Direct access opportunities

Direct access provides “huge opportunities” for the Bar in light of Clementi and the Legal Services Act but is currently under-used.
About 1,200 barristers are qualified to provide direct access—clients can instruct them directly without going through a solicitor—and about 800 barristers actually take part in the scheme.


Professor John Flood of Westminster University, who co-authored the report Straight there, no detours: direct access to barristers with Avis Whyte for the Bar Council’s Access to the Bar Day last November, says the scheme is under-used.
“This provides a golden opportunity to move forward in light of all the changes that are coming in with Clementi, but barristers are not as visible to the general public as solicitors. I think more needs to be done in terms of marketing and advertising on this. Barristers could be more entrepreneurial about it.”

Prof Flood said: “Clients thought it great value for money—they are paying for one lawyer instead of two.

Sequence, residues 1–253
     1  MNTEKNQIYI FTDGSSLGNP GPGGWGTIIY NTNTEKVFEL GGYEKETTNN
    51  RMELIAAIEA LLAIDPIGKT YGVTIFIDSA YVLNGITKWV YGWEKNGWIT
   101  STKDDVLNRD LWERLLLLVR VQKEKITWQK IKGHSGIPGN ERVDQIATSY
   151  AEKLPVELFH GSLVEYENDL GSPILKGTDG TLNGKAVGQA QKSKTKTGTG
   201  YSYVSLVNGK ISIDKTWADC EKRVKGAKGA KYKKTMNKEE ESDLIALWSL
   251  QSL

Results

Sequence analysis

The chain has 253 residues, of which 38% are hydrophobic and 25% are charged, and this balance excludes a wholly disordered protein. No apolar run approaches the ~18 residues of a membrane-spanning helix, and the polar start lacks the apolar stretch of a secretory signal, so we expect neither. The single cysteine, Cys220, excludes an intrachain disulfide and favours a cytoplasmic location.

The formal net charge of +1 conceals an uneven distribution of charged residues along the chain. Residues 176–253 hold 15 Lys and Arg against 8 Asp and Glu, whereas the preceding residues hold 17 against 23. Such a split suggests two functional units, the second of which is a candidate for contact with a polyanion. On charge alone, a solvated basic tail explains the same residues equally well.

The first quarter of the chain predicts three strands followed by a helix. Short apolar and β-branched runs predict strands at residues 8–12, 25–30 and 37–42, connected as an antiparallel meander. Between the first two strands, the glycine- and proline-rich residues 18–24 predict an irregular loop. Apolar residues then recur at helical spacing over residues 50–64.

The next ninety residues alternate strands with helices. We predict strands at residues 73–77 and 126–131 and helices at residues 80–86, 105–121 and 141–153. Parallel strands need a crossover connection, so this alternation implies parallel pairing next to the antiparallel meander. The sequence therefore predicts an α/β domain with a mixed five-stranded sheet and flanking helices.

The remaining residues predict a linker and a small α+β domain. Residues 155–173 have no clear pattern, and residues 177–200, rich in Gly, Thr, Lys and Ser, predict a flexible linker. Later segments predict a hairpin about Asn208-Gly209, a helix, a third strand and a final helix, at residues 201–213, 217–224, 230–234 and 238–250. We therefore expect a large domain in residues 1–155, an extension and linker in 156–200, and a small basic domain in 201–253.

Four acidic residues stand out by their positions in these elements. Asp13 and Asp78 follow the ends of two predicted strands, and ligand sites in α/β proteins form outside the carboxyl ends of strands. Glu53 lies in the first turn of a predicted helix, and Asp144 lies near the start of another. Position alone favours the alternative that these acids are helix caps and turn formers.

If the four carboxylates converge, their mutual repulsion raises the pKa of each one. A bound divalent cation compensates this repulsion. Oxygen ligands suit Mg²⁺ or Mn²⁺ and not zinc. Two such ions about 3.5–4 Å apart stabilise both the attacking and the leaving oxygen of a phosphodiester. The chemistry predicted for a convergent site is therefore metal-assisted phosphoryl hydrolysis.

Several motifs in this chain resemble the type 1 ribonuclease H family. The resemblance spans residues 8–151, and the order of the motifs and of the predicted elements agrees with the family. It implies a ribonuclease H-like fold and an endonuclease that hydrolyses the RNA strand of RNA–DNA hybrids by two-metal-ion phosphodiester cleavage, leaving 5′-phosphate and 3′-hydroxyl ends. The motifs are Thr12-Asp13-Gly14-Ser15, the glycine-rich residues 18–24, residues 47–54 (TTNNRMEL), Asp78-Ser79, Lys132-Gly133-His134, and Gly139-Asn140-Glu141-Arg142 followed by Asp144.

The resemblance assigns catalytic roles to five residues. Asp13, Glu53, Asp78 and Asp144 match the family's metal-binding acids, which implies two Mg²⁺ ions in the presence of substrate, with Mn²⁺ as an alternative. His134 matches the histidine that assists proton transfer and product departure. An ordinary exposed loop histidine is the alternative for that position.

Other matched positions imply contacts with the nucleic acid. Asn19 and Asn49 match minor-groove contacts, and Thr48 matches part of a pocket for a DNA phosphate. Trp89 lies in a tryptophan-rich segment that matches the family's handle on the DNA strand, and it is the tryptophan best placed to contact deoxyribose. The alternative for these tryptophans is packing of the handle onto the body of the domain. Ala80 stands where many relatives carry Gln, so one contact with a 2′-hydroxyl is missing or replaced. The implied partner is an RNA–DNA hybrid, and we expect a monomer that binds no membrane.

“The rules do not always make it as easy as it could be, for example, barristers cannot write letters on chambers headed notepaper but must draft letters for the clients to use on their own notepaper.”

He said there is also scope to streamline the two routes of public access and licensed access—about 200 professional bodies have licences to instruct barristers—rather than have two routes side by side.

Marc Beaumont, co-Vice Chairman of the Access to the Bar Committee, said he hoped that the Access to the Bar Day “will create a ripple effect conducive to greater awareness of the opportunity for business clients and members of the public to come straight to the Bar, where it is appropriate to do so, and thereby substantially to reduce the cost of accessing legal services.”

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